Ear mite infections in rabbits are relatively common, and may be seen at this time of year as a result of immunosuppression and stress following a long, cold, wet and windy winter.
Posted: 14 May 2018
The Psoroptes cuniculi mite is a non-burrowing mite that feeds on blood and serum. It has a life cycle of around 21 days, with eggs hatching after just 4 days. Many thousands of ear mites can affect the external ear canal and pinna, creating hyperkeratosis and a thick, dry, red/brown crust. Intense erythema develops as a result of the inflammation caused by the mucus and faeces from the mite. This in turn causes pruritis and head shaking, which is both painful and debilitating. It’s more common for just one ear to be affected and may be seen as a rabbit with a ‘dropped ear’, but in severely immuno-compromised animals, the infection can become more widespread affecting both ears, the neck, thorax, abdomen and perianal region.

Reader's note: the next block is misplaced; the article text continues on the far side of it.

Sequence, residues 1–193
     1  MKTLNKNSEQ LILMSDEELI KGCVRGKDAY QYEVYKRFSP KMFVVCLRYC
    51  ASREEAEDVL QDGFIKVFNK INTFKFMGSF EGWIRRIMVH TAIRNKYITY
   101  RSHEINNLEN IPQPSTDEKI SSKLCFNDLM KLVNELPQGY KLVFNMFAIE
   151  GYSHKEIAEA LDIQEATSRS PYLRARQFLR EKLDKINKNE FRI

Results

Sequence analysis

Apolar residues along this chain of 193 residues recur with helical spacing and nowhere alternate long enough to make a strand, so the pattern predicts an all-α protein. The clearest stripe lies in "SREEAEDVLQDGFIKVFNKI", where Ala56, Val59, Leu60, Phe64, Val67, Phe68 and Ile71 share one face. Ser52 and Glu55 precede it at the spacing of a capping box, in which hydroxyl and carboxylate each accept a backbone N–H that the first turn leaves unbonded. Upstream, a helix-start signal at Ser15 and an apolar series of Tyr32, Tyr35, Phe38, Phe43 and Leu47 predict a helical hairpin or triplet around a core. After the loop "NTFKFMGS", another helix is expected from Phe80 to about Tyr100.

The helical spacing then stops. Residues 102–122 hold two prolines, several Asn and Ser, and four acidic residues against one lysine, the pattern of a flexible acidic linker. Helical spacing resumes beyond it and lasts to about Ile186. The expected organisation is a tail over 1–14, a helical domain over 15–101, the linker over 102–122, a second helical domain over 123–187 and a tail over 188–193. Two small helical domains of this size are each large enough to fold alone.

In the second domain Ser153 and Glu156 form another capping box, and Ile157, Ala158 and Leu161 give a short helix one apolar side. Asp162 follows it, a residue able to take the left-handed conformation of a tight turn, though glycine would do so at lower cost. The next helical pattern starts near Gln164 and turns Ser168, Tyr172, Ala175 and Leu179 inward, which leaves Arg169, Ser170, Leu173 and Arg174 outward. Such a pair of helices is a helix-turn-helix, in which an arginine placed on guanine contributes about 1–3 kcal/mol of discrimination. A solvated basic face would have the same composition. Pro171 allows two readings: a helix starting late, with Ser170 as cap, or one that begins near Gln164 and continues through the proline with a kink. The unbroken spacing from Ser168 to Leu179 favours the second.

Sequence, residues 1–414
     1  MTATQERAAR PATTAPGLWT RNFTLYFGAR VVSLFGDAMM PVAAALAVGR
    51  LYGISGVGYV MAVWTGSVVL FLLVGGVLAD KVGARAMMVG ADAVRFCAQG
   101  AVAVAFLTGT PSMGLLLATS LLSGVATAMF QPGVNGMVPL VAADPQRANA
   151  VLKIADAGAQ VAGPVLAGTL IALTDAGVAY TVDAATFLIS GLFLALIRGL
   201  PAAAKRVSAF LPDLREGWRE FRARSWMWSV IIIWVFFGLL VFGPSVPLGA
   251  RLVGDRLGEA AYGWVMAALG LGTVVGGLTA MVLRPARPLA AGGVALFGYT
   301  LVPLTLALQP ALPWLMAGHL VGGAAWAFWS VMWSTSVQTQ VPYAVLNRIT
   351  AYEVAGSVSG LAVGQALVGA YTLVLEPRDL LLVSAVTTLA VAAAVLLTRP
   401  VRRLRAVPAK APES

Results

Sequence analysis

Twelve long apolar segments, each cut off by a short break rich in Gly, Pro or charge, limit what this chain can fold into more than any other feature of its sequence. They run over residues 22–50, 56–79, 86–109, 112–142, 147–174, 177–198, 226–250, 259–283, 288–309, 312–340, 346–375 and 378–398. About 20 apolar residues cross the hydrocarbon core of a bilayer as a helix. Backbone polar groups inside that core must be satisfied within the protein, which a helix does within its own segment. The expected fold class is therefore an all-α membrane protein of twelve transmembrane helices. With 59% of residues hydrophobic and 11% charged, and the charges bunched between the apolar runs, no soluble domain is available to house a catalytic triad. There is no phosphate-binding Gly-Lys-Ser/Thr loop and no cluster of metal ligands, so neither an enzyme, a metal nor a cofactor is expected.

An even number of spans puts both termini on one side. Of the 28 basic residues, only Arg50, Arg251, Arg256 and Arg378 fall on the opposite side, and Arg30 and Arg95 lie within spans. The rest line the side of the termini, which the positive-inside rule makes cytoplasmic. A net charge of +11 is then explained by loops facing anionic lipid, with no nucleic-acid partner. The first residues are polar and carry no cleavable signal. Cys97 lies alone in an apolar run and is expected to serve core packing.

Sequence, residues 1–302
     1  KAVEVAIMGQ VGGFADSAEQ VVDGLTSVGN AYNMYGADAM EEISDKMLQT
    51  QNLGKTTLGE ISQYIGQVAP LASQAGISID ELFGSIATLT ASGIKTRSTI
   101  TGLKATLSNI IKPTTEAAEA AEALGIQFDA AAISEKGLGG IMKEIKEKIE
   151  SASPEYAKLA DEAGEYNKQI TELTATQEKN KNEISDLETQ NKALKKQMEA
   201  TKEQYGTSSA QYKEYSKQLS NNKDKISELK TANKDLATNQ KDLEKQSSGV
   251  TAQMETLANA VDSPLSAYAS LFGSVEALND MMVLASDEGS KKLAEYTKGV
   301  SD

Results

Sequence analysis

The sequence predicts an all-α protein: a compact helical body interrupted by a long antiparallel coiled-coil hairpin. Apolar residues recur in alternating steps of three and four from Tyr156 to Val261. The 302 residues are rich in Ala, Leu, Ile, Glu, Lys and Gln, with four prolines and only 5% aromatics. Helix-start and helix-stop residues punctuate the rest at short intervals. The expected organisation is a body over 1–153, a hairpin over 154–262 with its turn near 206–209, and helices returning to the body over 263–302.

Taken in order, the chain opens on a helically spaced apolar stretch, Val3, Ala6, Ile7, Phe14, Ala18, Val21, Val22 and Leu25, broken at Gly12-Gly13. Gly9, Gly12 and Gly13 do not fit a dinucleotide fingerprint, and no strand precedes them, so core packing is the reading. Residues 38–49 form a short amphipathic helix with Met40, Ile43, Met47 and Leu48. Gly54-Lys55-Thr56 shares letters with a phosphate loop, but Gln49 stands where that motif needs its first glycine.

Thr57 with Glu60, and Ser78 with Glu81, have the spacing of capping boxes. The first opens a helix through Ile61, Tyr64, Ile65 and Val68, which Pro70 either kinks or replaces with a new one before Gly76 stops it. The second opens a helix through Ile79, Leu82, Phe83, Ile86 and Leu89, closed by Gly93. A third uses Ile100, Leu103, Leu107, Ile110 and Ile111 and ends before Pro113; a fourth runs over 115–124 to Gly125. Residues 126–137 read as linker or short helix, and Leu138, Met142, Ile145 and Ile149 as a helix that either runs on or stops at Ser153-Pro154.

Whilst it may be tempting to try and remove the thick crust, it’s generally not recommended as the procedure is very painful and will just expose a large area of bleeding, inflammed tissue.
Secondary bacterial and fungal infections are common if the problem is left untreated, so an early diagnosis and prompt action is recommended.
Middle ear disease secondary to a bacterial infection of the deep ear canal and rupture of the tympanic membrane can occur, in which case you’d normally expect to see a head tilt and loss of balance.
Clinical signs and visualisation of the mite with an otoscope will confirm your suspicions. It measures as much as 0.7mm in length and can even be seen with the naked eye. Skin scrapes and microscopic examination of the crusts will usually reveal the mite, larvae or eggs. KOH and liquid paraffin on the slide will help to break down the keratin and slow the mite movement down. If you get a chance show your client the mite under the microscope and it will convince that treatment is essential.
There are several reported effective treatments available in the UK, however we must stress you always follow the cascade to ensure compliance. The avermectins seem to be particularly effective, but are non-ovicidal and hence require repeated doses. Some examples of treatments used include;